Custom fitted golf equipment has become the norm, but while golfers are happy spending out extra for a custom fitted driver to chase an extra five yards, they aren’t always as eager to go for a custom fitted putter that may save them many more strokes a round. SIK Golf are looking to change that with their launch into the UK, opening a National Performance Centre at Silvermere, as well as a fitting network around the country.
The purpose-built venue at Silvermere`– part of a UK network of SIK Golf fitting centres – features the newly installed Quintic Ball Roll putting analysis system and a SIK fitting component bag. Unique in the golf industry and found at each SIK fitting centre, the component bag holds each style of putter head, a selection of shafts, hosels and components needed to go through the 150 different options involved in the fitting process.
I visited the National Performance Centre to find out about the SIK fitting process. If you’re unfamiliar with SIK, the name is an acronym for Study In Kinematics, and while the brand is new to the UK, has been making putters since 2009. The brand has been pushed to the forefront with Bryson Dechambeau’s continued success using the brands products. In fact every one of DeChambeau’s eight PGA Tour victories has been while using a SIK putter.
Silvermere’s resident putting fitter, and PGA Professional Colin Iddon took me through the fitting process, and explained the technology built in to the face of every SIK Putter. “To the naked eye, you can’t see that a putt leaves the face and goes airborne for the very first part of it’s journey” explained Colin. “A golf ball sits in it’s own depression, a tiny hole. To improve your putting you need enough loft to get the ball out of the depression, and then start rolling. Too much launch will cause the ball to bounce unpredictably, and leads to inconsistency. Not enough loft drives the ball into the ground, and again causes the ball to bounce. With the Quintic system, and it’s high speed cameras we can measure the launch, and how quickly the ball starts rolling.”
Colin had explained how fitting would help, now he dived into how SIK’s trademark DLT face help. “So finding the correct loft is key. But then you need to deliver that clubface to the ball exactly the same way every time, and not even the worlds best golfers do that”. Right got it. “Descending loft technology means there are four surfaces across the face all milled at a different loft. On our standard models the bottom of the putter face has 1 degree of loft, and as you go up the face it progressively goes from 2, to 3, until the top of the putter face has four degrees of loft.” While you can see this when you are looking for it, it’s not noticeable at address, “A putt hit at the bottom of the putter face tends to launch on the higher side, hence less loft, conversely a putt hit higher up on the face will launch lower. By building in the variable loft, you can add a consistency to your putting that will help the ball roll true every time.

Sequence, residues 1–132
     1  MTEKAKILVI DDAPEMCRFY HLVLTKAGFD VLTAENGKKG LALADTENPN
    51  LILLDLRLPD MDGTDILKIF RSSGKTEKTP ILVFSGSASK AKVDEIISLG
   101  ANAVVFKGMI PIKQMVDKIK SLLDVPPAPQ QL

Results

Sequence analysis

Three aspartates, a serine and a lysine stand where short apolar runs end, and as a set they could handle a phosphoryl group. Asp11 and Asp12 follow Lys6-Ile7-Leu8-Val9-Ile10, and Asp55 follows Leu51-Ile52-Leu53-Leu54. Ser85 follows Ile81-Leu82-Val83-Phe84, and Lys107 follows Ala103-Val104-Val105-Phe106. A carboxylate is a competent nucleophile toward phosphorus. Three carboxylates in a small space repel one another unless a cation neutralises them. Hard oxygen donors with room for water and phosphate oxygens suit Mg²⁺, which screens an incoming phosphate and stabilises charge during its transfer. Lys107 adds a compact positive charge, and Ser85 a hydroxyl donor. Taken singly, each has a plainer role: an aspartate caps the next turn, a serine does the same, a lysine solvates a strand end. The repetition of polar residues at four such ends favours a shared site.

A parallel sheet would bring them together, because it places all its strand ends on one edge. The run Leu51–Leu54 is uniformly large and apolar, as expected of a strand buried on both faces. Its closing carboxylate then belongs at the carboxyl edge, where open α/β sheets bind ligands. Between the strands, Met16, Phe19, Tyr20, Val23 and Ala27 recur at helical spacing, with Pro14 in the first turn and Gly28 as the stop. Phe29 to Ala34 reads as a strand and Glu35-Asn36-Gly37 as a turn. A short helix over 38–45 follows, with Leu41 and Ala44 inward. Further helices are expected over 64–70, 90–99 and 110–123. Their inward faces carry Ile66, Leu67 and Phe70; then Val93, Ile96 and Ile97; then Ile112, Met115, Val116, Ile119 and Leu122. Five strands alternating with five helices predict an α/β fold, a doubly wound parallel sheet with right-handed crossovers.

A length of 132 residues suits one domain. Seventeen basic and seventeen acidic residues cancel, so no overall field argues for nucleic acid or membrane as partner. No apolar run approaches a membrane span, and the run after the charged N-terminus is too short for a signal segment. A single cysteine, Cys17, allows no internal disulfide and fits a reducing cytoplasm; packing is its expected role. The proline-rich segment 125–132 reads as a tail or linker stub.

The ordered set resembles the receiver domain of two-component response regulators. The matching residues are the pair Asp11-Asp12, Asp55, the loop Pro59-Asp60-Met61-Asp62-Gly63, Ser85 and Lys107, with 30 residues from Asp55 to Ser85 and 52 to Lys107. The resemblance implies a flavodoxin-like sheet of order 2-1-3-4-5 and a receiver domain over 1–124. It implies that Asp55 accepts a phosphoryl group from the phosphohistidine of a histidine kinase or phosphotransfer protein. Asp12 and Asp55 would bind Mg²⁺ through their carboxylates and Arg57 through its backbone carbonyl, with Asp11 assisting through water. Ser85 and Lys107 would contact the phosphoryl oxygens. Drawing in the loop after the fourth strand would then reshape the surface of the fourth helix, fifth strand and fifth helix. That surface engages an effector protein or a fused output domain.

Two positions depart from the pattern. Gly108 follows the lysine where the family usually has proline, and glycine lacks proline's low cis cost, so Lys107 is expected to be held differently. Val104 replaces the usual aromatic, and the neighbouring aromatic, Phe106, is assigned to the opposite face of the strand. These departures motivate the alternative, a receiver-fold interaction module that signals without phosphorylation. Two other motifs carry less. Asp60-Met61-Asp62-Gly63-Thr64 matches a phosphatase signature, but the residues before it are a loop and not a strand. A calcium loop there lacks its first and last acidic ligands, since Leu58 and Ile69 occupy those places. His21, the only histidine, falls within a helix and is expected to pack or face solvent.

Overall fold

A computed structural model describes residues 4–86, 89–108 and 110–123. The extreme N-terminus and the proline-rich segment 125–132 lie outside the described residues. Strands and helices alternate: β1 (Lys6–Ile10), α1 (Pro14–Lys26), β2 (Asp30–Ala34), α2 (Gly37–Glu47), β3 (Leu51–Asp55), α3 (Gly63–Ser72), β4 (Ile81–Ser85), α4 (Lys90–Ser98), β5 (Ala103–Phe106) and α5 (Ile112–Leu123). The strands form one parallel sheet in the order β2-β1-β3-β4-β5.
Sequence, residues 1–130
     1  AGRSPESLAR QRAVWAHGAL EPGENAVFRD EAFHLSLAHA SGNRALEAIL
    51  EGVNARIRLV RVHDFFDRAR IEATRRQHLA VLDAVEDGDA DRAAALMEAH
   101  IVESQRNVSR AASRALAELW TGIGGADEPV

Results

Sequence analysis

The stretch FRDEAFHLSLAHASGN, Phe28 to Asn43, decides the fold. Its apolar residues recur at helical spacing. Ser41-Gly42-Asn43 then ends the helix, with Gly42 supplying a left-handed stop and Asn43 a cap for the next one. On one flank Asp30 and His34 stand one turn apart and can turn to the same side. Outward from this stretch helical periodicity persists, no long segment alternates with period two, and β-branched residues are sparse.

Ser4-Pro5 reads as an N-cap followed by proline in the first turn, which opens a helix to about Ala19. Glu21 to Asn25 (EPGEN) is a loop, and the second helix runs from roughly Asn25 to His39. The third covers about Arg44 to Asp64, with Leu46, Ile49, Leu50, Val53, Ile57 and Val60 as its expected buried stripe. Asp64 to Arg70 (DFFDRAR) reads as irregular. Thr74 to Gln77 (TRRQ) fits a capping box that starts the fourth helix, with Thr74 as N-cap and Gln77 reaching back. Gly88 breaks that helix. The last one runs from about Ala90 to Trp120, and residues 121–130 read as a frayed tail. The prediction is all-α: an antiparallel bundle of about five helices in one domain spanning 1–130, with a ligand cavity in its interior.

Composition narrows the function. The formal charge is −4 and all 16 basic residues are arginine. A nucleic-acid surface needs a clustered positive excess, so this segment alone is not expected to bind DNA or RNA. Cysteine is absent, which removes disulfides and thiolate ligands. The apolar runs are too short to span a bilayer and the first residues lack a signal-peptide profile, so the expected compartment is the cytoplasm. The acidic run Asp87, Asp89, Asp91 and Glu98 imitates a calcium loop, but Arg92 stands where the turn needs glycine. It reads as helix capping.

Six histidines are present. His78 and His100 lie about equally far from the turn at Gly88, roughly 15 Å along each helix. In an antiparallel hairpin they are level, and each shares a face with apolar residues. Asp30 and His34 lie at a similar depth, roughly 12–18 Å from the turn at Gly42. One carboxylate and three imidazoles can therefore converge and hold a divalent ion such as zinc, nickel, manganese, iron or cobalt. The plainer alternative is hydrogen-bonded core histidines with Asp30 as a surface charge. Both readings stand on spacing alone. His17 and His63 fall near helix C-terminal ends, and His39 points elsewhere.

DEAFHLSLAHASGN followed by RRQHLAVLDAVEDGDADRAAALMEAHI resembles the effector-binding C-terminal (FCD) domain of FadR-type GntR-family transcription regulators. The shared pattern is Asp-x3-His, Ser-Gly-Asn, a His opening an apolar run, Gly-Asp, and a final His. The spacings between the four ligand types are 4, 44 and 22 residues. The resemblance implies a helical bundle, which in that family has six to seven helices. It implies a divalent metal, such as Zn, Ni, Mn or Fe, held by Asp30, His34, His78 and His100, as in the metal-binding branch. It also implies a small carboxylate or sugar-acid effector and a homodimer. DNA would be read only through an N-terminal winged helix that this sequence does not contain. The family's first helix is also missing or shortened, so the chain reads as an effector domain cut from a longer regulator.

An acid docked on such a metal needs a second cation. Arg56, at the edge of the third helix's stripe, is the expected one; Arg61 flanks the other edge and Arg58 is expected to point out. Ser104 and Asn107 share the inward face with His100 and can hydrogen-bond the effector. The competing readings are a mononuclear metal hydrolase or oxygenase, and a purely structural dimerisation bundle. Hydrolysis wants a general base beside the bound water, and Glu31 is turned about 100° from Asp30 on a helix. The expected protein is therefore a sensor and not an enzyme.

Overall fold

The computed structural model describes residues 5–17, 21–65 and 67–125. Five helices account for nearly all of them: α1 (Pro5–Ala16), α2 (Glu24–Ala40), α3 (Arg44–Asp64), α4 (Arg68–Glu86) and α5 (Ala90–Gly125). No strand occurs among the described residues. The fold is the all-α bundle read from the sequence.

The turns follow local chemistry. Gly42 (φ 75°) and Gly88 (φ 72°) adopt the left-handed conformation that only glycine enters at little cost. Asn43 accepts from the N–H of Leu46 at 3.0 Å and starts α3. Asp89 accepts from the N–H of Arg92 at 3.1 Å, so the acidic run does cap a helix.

That’s the science. How about the reality of trying the product? Having hit some putters to get a baseline, the Quintic system was showing I launched my putts too high, and they were taking too long to start rolling, I was asked to pick a headshape. With five models, there’s a good range to start from. I initially went with the DW, in my preffered face balanced neck, and at 33 inches.
“Are you left or right eye dominant?” asked Colin. I hadn’t the foggiest. “Stare at something on the wall, put your hand in a circle, and look through it with one eye shut. Whichever one looks through the hole the same as if you had both eyes open, that’s the eye that’s dominant.” OK, so I was right eye dominant. Why did that matter? Colin had the answer. “SIK putters are available with the alignment line on the top rail, which tends to be preferred by left eye dominant players. Or you can have the alignment on the back of the putter, and that tends to suit right eye dominant players like yourself.” And this is what I would have gravitated towards.
Now it was time to hit some putts. “How does that feel?” Colin asked before I’d even struck a putt. “SIK putters are 2 degrees more upright than most putters, they feel it helps keep everything more connected, and they are a little heavier than average too”. The Quintic system measured that I was launching my putts too high, and that their was too much backspin on my putts. I was also hitting g it consistently too hard. I’d picked out the DW because I like the way it looked, however it obviously wasn’t working.
Colin set up the Flo for me, a larger high MOI putter, more akin to what I would usually use. And instantly we could see the improvements. The ball was launching more consistently and rolling quicker, however the ball was still launching too high. “Because all the putters are made to order, I’d order you one with less loft” Colin explained. “And it’s not bent for loft and lie, it’s manufactured at the correct specs.”
SIK putters are not cheap. But they’re 100% milled from 303 Stainless steel, and they feature a custom fitting philosophy and fitting set up that’s pretty unique in the industry. While the putters are expensive, there is an opportunity for good margins to be made. And while distributors YUMAX Golf are looking for more retailers, they aren’t looking to flood the market and stockists will be destination sites dedicated to custom fitting.
The new national performance centre will be at the forefront of a UK-wide network of SIK Golf fitting centres. PGA professionals wishing to know more about how they can become a SIK custom-fitting centre should visit www.sikgolfglobal.com GR